Below are some major takeaways for delivering bad news to clients, with advice from Anthony Dagostino and Jennifer Bolling in a webinar recorded last year just as the current hard market for cyber was beginning to take hold:

  • Don’t Procrastinate Setting a Meeting with a Client

    • Most people aren’t upset about hearing news too early, and it might be a different story if you wait until the last minute. It’s human nature to want to avoid a difficult conversation, but the sooner you can prepare your client for what’s upcoming, the better. If before you typically started renewal conversations around 30 or 45 days out, make sure it’s at least 60 days moving forward — or longer. Before getting into the details of the renewal, start by having a conversation about the general market trends. This helps soften the sticker shock. 

  • Make Sure Everyone on Your Team Is on the Same Page

    • Some brokers on your team, with different levels of experience, may have never been through a hard market before. This can be an opportunity to educate not only clients, but others at your brokerage.
  • Remind Clients of Proactive Services That Are Available to Them

    • Such as consults with cybersecurity experts and vulnerability alerts. Not only will this potentially help them with renewals by getting ahead of issues around missing controls that may end up being required for renewal anyway — it’s also always a value-add to help them along the path to improved cyber hygiene. 

How Do You Play Offense During a Hard Market?

There’s a shared goal between brokers, insurers, and the insured —  and it’s to reduce risk for everyone. During a hard market, collaboration is crucial. Brokers should consider taking extra time to get to know the insurers they work with, especially if they’re looking to understand cyber liability. The market is relatively young by insurance standards, and everyone is working to better understand the risk profiles. And getting to know cyber insurers means you’ll most likely be encouraged to inform your clients about risk mitigation for their organizations.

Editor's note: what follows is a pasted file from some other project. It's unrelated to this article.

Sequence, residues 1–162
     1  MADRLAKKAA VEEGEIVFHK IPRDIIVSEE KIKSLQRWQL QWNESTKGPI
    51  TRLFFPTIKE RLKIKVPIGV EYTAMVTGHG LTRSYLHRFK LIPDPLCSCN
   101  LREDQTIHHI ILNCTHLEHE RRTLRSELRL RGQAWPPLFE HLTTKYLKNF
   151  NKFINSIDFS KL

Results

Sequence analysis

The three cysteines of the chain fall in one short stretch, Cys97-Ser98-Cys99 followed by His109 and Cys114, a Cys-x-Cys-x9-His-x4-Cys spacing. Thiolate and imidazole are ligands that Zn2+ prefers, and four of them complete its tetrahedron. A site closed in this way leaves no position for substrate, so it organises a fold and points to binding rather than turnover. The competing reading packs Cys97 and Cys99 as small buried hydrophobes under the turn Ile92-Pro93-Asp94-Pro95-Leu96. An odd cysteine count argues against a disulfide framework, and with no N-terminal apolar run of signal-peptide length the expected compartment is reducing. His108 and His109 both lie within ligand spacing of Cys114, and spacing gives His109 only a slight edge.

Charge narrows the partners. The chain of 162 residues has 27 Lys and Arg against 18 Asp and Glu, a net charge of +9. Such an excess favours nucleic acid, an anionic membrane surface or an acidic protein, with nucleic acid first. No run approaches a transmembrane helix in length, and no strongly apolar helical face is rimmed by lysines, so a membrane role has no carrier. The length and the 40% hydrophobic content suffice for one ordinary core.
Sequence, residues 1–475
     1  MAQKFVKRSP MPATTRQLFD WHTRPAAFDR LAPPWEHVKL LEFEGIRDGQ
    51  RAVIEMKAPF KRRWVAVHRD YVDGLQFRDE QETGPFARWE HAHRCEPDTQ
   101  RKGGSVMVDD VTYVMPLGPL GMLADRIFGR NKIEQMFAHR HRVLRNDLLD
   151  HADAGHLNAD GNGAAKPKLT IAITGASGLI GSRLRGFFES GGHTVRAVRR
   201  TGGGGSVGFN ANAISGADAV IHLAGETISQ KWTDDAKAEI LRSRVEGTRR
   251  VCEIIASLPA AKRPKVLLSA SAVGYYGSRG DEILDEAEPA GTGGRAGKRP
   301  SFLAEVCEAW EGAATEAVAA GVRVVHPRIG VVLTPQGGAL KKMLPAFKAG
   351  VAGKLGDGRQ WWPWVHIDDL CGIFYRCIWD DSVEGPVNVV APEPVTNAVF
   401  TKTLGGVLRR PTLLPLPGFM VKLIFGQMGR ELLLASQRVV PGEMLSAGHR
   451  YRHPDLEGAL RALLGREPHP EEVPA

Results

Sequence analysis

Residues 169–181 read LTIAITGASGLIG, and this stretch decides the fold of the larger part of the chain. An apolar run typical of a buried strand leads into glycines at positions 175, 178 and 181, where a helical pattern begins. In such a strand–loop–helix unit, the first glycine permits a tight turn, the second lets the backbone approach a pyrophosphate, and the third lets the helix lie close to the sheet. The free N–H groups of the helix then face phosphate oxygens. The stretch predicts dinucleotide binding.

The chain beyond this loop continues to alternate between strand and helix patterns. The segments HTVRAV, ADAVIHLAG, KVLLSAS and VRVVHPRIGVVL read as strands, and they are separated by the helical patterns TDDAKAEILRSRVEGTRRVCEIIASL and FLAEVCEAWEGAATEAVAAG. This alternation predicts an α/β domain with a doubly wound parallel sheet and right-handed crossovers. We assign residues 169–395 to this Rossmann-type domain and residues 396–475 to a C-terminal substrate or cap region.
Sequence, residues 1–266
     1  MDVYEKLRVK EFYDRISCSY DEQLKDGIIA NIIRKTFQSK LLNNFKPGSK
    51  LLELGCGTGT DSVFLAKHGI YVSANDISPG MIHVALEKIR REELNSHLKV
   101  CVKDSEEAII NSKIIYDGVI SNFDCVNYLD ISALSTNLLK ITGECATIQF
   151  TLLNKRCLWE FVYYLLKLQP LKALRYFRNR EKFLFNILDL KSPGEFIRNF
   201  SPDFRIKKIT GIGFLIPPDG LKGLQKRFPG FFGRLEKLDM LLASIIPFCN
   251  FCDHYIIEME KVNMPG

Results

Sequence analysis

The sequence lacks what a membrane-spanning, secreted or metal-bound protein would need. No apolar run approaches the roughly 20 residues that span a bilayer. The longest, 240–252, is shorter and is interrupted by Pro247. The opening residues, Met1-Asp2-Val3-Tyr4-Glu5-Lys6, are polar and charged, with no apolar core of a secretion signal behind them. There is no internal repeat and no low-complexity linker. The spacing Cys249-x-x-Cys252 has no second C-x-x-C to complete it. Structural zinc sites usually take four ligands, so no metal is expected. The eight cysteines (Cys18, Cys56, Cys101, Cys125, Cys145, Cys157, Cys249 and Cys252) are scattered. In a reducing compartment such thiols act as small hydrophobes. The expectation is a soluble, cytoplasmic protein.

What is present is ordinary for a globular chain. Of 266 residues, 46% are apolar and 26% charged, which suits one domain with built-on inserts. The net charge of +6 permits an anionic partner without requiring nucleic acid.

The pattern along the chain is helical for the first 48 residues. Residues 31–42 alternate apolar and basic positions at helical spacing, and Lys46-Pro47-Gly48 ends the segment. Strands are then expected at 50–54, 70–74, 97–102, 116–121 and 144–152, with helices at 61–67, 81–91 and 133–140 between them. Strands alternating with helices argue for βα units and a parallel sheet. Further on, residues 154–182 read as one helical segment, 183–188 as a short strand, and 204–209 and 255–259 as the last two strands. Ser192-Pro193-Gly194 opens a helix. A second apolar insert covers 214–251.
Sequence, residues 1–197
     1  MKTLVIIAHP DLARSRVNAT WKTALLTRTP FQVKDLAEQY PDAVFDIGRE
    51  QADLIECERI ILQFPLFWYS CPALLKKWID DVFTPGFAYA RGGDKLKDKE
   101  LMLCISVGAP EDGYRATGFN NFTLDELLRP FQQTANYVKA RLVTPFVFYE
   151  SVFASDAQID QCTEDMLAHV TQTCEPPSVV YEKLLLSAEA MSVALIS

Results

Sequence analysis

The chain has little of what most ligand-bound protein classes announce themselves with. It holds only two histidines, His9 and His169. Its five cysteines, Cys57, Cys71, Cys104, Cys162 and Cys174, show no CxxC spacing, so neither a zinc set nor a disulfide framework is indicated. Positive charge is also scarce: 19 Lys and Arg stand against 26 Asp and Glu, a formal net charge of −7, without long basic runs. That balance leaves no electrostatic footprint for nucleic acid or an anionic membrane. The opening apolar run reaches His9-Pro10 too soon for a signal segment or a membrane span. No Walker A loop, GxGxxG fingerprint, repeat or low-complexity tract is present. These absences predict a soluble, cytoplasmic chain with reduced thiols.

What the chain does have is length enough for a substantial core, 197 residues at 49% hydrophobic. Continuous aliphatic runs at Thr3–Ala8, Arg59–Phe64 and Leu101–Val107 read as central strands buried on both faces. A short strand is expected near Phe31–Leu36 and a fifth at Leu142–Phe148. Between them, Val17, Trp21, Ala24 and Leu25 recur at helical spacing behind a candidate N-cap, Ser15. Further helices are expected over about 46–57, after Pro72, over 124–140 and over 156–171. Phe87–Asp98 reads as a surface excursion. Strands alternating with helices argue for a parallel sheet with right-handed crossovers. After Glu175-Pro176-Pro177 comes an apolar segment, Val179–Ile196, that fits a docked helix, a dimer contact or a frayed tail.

During the current hard market in cyber, the best way to ensure renewals (or new purchases) go smoothly for your insureds is confirming they have the modern IT security controls in place. Some of the most common IT security controls have become subjectivities insurers place on their policies. By proactively helping clients to prepare, brokers are saving future headaches and time-sensitive scrambles for everyone. Some key controls to look for:

  • Multi-factor Authentication (MFA) 

    • Typically, carriers are going to expect that insureds have implemented MFA for remote, email, and administrative access. For more on MFA best practices, you can read our post here
  • Backups

    • With ongoing concerns for ransomware in mind, a robust backup strategy is often the best way to mitigate risk and prevent catastrophic losses. For the full overview of an effective backup strategy, you can read more here.
  • Endpoint Detection Response (EDR)

    • EDR can be the most powerful tool for protecting your environment as a whole and, in the event of an incident, can help show how threat actors navigate through your systems. For more on why EDR matters, you can read our post here

Most insurers will have resources to help your clients navigate the world of security controls and recommendations for how they can boost their cyber hygiene. For example, at Corvus, we offer vCISO Services to help organizations dig deeper into specific issues through free consultations and discounted services. There’s never a bad time to improve cyber risk controls, but during a hard market promoting these opportunities with trusted partners can be especially valuable in demonstrating your expertise and partnership. These risk mitigation tools can also be a powerful pull for many first-time buyers in the cyber insurance market. 

As the cyber insurance market reconciles with more stagnant growth, there should be a collaborative effort to reduce losses and build stronger relationships across the board. We can develop strategies to make organizations safer against threat actors, collectively encourage the implementation of security controls, and come ahead of a hard market through critical communication.